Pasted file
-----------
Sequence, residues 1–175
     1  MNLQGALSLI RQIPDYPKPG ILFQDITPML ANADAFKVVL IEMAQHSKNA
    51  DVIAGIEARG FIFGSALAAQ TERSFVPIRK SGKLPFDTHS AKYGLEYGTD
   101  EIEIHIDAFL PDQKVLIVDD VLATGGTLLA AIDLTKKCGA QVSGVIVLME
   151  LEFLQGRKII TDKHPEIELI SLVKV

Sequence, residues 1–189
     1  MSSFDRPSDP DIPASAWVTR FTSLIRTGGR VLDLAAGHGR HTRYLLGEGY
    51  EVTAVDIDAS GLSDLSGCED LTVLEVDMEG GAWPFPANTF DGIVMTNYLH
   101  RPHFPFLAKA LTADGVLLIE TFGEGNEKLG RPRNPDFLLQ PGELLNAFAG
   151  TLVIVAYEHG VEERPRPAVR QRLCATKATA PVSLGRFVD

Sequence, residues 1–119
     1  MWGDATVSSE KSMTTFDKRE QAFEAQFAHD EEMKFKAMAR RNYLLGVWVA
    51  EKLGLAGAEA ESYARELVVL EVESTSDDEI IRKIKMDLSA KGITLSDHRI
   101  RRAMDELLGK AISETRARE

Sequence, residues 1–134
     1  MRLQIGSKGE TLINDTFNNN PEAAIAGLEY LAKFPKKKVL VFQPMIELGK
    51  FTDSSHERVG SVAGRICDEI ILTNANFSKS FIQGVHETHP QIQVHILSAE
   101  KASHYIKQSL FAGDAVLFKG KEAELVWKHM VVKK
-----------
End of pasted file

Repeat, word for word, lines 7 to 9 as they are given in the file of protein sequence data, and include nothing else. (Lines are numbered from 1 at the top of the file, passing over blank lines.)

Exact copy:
     1  MSSFDRPSDP DIPASAWVTR FTSLIRTGGR VLDLAAGHGR HTRYLLGEGY
    51  EVTAVDIDAS GLSDLSGCED LTVLEVDMEG GAWPFPANTF DGIVMTNYLH
   101  RPHFPFLAKA LTADGVLLIE TFGEGNEKLG RPRNPDFLLQ PGELLNAFAG